September 26, 2018

The World Acts Against Potent Climate Super Pollutants

“Knowing is not enough; we must apply. Willing is not enough; we must do.”

With this quotation from Johan Wolfgang von Goethe, renowned climate scientist Professor V. Ramanathan closed his remarks at the Super Pollutant Day event kicking off the Global Climate Action Summit. Goethe’s words aptly sum up the charged atmosphere of the global gathering, a clear call for urgent climate action now. And the philanthropic community responded with 29 philanthropies, including the Pisces Foundation, pledging $4 billion over the next five years to combat climate change—a strong commitment to accelerate climate action.

Alongside the main stage, summit-affiliated events showcased how to deliver on the call for immediate and meaningful climate action. One such event was Super Pollutant Day at the San Francisco Museum of Modern Art, which Pisces hosted in collaboration with the Climate and Clean Air Coalition and the ClimateWorks Foundation. The event took its name from a powerful set of pollutants that are key contributors to climate change: refrigerants like HFCs, methane, and black carbon, better known as soot that is emitted from buses, trucks, and ships. Pound for pound, each is more powerful than carbon dioxide over twenty years. That is why cutting super pollutants alongside carbon dioxide gives the world the best chance to meet the goals of the Paris agreement and keep climate change in check.

At Super Pollutant Day, some two hundred attendees from across the globe heard from two high-level panels with participants including pioneering California climate legislator, Fran Pavley; Public Health and Environment Director of the World Health Organization, María Neira; Executive Director of the Mexican Agency for Security, Energy, and Environment, Carlos de Regules; climate champion, California State Senator Ricardo Lara; and community organizer, Cesar Aguirre.

The sessions were illuminating. For example, leading scientists shared that super pollutants contribute just under half of the current warming of the planet. According to Inia Seruiratu, Minister for Agriculture, Rural and Maritime Development, National Disaster Management, and Meteorological Services for Fiji, the projected impact of cutting a half-degree Celsius from the current warming trend will prevent up to 2.4 million premature deaths and save over 50 million metric tons of crops each year. Most of these benefits will accrue in communities heavily impacted by air pollution today.

The focus on cutting super pollutants alongside carbon dioxide continued at the Global Climate Action Summit itself later in the week. I was honored to participate in a panel, the name of which encapsulates the benefits that this strategy offers: “Fast Mitigation: Super-Pollutant Solutions to Cut the Rate of Warming in Half.” The diverse slate of speakers conveyed the readiness of cost-effective solutions to curb super pollutant emissions. And many shared that much more can and must be done. For example, Fred Krupp, President of the Environmental Defense Fund stated, “There is no better opportunity to abate climate change in the next 20 years than reducing methane.”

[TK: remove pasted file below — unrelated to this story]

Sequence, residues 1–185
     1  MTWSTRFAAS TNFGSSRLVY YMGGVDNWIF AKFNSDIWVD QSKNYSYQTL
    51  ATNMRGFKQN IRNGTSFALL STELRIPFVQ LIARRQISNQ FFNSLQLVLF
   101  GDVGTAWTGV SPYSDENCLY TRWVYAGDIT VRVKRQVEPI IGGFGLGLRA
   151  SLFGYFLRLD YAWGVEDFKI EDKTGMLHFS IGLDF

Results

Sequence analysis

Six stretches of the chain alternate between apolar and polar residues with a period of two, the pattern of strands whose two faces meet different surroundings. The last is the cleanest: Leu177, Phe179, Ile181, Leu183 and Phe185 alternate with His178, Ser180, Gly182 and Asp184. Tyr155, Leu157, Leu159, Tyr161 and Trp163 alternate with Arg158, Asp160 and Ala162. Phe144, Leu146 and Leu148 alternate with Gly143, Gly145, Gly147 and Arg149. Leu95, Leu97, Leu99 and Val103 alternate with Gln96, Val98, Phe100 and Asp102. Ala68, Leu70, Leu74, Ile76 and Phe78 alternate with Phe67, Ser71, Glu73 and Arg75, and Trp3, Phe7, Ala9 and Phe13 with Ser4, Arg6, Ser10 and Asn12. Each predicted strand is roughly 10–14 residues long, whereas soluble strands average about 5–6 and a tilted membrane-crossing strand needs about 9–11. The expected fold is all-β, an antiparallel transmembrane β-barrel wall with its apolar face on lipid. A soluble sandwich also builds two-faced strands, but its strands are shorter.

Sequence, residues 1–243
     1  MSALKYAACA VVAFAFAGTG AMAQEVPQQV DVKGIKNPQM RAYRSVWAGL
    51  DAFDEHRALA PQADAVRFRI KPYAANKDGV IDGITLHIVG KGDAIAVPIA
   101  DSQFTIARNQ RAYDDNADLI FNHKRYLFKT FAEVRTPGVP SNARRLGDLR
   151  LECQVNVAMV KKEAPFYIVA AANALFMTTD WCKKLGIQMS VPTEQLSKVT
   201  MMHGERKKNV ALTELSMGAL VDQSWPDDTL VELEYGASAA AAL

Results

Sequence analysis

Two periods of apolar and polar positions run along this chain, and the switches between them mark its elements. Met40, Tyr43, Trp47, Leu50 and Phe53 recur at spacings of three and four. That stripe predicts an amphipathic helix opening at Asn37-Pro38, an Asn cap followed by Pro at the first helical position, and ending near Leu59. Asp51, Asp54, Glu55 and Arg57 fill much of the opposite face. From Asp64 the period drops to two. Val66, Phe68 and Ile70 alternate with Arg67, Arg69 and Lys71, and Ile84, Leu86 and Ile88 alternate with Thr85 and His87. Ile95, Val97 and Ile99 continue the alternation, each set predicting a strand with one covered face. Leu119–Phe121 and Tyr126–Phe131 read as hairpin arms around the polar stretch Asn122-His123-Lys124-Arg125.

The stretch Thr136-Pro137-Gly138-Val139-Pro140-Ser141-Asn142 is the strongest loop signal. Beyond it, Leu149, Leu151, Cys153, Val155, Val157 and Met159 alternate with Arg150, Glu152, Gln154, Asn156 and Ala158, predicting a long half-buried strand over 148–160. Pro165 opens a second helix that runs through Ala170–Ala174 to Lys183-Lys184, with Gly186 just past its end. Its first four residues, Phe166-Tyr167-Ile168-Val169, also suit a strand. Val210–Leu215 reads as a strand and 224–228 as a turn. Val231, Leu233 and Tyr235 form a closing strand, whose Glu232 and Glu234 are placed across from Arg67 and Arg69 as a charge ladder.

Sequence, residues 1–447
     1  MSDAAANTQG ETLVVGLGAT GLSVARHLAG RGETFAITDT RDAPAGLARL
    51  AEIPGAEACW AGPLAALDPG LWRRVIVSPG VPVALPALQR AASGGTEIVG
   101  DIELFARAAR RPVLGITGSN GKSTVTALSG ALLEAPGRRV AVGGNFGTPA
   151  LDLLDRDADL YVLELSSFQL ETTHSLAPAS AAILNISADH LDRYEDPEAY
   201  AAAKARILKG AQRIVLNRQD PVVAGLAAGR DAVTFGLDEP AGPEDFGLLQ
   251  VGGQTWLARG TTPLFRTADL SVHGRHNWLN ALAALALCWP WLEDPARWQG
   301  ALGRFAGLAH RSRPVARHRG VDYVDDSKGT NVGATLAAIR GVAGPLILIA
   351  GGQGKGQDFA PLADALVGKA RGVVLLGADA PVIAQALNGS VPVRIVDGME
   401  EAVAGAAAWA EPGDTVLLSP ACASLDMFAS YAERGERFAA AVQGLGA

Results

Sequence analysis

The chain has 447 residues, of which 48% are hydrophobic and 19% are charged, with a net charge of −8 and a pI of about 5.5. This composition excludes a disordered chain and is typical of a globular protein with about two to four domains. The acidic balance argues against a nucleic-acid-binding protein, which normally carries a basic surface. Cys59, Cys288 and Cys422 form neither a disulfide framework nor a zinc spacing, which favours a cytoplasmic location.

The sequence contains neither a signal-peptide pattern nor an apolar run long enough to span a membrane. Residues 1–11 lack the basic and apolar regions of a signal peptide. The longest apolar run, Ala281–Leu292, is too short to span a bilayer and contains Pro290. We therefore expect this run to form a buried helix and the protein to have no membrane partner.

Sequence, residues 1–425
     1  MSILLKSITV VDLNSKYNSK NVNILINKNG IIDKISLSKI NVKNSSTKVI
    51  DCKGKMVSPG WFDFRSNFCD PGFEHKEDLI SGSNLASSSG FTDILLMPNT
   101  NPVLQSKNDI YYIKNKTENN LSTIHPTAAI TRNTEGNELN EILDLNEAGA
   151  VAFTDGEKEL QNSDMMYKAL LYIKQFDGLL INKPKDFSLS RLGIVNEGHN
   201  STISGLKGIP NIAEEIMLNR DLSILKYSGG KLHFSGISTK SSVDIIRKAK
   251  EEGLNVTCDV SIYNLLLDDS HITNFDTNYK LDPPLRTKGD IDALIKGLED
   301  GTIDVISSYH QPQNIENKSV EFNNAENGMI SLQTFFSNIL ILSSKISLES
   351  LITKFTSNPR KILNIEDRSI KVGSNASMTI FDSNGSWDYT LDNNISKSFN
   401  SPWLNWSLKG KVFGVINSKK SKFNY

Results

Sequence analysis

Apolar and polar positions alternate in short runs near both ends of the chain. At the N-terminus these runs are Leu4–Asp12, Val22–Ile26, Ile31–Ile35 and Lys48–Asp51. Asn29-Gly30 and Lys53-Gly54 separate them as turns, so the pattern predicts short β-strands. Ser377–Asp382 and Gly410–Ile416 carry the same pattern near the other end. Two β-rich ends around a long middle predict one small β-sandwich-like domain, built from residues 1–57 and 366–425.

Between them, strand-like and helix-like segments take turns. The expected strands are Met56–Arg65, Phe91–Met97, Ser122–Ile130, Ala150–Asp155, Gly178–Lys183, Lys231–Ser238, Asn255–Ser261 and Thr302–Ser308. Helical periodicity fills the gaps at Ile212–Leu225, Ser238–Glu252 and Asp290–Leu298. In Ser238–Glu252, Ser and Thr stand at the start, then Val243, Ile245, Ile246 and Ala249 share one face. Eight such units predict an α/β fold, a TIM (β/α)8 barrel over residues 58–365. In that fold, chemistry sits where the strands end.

The good news is that the Summit’s focus on super pollutants was matched by new actions to drive them down. The U.S. Climate Alliance, a group of 17 U.S. states and territories, announced a roadmap to reduce super pollutants. Three of their members, the governors of New York, Maryland, and Connecticut, committed to adopting HFC rules like California’s and the State of Virginia announced plans for methane regulations. Working with the Natural Resources Defense Council, leaders from the air conditioning and refrigeration industry made commitments to support HFC reduction targets in states including California. And California Governor Jerry Brown announced that the state will launch a satellite that will track climate change-causing pollutants and help the world curb these destructive emissions.

I am an environmentalist, a business person, and a philanthropist. From each perspective, reducing super pollutants is an indispensable part of the fight to ensure the safe, stable climate necessary for healthy, vibrant communities. As an environmentalist, I know swifter action on reducing super pollutants is an essential part of accelerating to a world where people and nature thrive together. As a business person, I am motivated by the knowledge that investing in super pollutant reduction offers a major return on investment. And as a philanthropist, I know that to deliver on this opportunity, the community dedicated to reducing super pollutants must continue to grow. At Pisces Foundation, we are proud to support this growing movement of people working to, as Institute for Governance & Sustainable Development President Durwood Zaelke puts it, “pull all the levers” in the climate fight.